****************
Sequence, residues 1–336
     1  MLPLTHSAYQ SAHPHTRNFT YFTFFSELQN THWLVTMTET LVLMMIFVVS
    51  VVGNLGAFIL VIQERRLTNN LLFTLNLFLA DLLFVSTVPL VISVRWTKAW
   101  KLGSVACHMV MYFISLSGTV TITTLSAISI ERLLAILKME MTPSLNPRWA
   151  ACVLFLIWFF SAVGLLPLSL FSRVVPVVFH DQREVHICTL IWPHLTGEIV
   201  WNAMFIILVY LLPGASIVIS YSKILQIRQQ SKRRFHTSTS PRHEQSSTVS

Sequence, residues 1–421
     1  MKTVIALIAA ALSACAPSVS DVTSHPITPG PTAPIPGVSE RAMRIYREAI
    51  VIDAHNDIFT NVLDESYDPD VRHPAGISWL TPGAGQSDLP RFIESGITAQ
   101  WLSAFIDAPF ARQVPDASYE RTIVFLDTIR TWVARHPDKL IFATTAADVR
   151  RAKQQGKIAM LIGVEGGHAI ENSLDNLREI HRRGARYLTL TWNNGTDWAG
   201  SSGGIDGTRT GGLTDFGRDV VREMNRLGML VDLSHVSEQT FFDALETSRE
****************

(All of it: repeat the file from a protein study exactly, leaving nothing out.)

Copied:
Sequence, residues 1–336
     1  MLPLTHSAYQ SAHPHTRNFT YFTFFSELQN THWLVTMTET LVLMMIFVVS
    51  VVGNLGAFIL VIQERRLTNN LLFTLNLFLA DLLFVSTVPL VISVRWTKAW
   101  KLGSVACHMV MYFISLSGTV TITTLSAISI ERLLAILKME MTPSLNPRWA
   151  ACVLFLIWFF SAVGLLPLSL FSRVVPVVFH DQREVHICTL IWPHLTGEIV
   201  WNAMFIILVY LLPGASIVIS YSKILQIRQQ SKRRFHTSTS PRHEQSSTVS

Sequence, residues 1–421
     1  MKTVIALIAA ALSACAPSVS DVTSHPITPG PTAPIPGVSE RAMRIYREAI
    51  VIDAHNDIFT NVLDESYDPD VRHPAGISWL TPGAGQSDLP RFIESGITAQ
   101  WLSAFIDAPF ARQVPDASYE RTIVFLDTIR TWVARHPDKL IFATTAADVR
   151  RAKQQGKIAM LIGVEGGHAI ENSLDNLREI HRRGARYLTL TWNNGTDWAG
   201  SSGGIDGTRT GGLTDFGRDV VREMNRLGML VDLSHVSEQT FFDALETSRE